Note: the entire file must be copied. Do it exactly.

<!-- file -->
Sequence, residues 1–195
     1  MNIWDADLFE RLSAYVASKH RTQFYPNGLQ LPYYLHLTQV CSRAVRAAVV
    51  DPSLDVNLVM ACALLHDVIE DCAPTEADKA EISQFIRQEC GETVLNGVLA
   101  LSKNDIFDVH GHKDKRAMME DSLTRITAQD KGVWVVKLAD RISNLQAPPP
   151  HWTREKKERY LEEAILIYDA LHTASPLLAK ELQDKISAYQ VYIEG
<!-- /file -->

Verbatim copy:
Sequence, residues 1–195
     1  MNIWDADLFE RLSAYVASKH RTQFYPNGLQ LPYYLHLTQV CSRAVRAAVV
    51  DPSLDVNLVM ACALLHDVIE DCAPTEADKA EISQFIRQEC GETVLNGVLA
   101  LSKNDIFDVH GHKDKRAMME DSLTRITAQD KGVWVVKLAD RISNLQAPPP
   151  HWTREKKERY LEEAILIYDA LHTASPLLAK ELQDKISAYQ VYIEG